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Japanese researchers find formula for fast-charging lithium-ion batteries

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A team of scientists at the Japan Advanced Institute of Science and Technology (JAIST) developed an approach to anode fabrication that could lead to extremely fast-charging lithium-ion batteries.

In a paper published in the journal Chemical Communications, the researchers explain that their strategy constitutes a relatively simple, environmentally sound, and highly efficient way to produce a carbon-based anode with very high nitrogen content.

It is already known that one way to shorten the charging time of LIBs is to increase the diffusion rate of lithium ions, which in turn can be done by increasing the interlayer distance in the carbon-based materials used in the battery’s anode. This has been achieved with some success by introducing nitrogen impurities, which are technically referred to as nitrogen doping. However, there is no method easily available to control interlayer distance or to concentrate the doping element.

To address this issue, the Japanese group used poly (benzimidazole), a bio-based polymer that can be synthesized from raw materials of biological origin as the precursor material for the anode.

A bio-based anode material for ultrafast battery charging. Poly (benzimidazole), the precursor for the proposed anode material, can be derived from biological processes and processed easily to create fast-charging lithium-ion batteries. (Image by Noriyoshi Matsumi, courtesy of JAIST).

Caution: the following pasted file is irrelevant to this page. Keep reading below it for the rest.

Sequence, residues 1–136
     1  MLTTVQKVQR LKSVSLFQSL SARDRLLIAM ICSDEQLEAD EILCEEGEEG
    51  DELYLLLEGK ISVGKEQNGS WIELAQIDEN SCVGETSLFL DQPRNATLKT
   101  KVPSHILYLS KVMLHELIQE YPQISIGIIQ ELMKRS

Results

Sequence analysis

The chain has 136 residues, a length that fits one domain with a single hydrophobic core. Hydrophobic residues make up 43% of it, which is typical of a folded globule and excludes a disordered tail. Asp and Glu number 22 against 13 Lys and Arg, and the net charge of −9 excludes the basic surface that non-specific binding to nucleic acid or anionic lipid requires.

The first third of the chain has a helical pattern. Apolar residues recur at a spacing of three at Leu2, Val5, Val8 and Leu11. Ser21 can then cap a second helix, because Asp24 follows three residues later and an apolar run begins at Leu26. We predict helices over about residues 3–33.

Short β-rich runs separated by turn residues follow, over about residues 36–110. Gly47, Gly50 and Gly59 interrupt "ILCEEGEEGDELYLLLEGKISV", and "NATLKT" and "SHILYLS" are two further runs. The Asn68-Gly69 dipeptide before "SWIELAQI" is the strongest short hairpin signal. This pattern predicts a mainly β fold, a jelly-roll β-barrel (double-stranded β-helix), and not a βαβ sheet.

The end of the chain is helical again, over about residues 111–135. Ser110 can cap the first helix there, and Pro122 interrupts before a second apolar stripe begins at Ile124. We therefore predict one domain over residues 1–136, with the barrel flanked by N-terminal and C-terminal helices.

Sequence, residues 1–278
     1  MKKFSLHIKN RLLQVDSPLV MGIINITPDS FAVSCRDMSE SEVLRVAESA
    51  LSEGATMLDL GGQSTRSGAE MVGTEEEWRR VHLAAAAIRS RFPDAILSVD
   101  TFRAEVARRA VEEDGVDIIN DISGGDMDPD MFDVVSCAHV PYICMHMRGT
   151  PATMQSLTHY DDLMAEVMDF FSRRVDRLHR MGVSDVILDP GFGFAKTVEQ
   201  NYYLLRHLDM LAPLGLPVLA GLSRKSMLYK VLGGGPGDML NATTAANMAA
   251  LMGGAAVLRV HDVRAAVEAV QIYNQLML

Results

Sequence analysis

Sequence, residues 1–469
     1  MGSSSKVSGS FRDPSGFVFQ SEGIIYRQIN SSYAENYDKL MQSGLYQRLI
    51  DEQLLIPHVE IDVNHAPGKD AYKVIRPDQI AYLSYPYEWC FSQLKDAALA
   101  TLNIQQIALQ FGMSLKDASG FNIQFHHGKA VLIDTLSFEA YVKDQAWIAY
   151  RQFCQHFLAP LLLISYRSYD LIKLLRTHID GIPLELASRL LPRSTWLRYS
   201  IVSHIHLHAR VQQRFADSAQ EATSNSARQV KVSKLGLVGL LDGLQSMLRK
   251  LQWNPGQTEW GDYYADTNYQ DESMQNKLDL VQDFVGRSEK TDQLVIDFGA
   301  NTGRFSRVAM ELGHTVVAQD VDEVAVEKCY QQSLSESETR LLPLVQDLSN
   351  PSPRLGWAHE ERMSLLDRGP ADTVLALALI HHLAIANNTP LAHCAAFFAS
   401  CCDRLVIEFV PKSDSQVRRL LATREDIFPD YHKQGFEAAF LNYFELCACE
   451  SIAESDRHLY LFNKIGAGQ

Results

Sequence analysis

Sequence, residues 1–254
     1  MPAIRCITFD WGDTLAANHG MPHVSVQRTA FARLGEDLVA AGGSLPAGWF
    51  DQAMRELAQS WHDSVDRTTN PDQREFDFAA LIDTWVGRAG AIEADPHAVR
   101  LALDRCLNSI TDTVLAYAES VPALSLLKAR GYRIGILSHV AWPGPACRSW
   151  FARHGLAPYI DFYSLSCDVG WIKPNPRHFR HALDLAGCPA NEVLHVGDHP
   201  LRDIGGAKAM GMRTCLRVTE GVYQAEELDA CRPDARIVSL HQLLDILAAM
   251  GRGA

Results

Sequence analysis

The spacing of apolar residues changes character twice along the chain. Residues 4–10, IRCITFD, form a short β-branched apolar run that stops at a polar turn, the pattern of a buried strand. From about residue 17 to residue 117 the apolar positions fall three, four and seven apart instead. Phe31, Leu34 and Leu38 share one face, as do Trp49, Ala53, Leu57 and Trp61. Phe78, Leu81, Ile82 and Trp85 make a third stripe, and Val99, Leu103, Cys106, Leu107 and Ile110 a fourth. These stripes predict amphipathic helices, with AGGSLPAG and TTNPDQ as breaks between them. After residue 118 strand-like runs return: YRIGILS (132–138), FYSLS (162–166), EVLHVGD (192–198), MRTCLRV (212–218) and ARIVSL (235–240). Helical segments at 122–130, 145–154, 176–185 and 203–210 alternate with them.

By calcinating this thermally stable material at 800°C, the team managed to prepare a carbon anode with a record-setting nitrogen content of 17% in weight. They verified the successful synthesis of this material and studied its composition and structural properties using a variety of techniques, including scanning electron tunnelling microscopy, Raman spectroscopy, and X-ray photoelectron spectroscopy.

To test the performance of their anode and compare it with the more common graphite anode, the researchers built half-cells and full-cells and conducted charge-discharge experiments. The proposed anode material proved suitable for fast charging, thanks to its enhanced lithium-ion kinetics. Moreover, durability tests showed that the batteries with the proposed anode material retained about 90% of their initial capacity even after 3,000 charge-discharge cycles at high rates, which is considerably more than the capacity retained by graphite-based cells.

In the researchers’ view, modifications to the structure of the polymer precursor could lead to even better performance, which might be relevant for the batteries not only of EVs but also of portable electronics.

“The extremely fast charging rate with the anode material we prepared could make it suitable for use in EVs,” team leader Noriyoshi Matsumi said in a media statement. “Much shorter charging times will hopefully attract consumers to choose EVs rather than gasoline-based vehicles, ultimately leading to cleaner environments in every major city across the world.”

According to Matsumi, another notable advantage of the proposed anode material is the use of a bio-based polymer in its synthesis. As a low-carbon technology, the material naturally leads to a synergistic effect that further reduces CO2 emissions.

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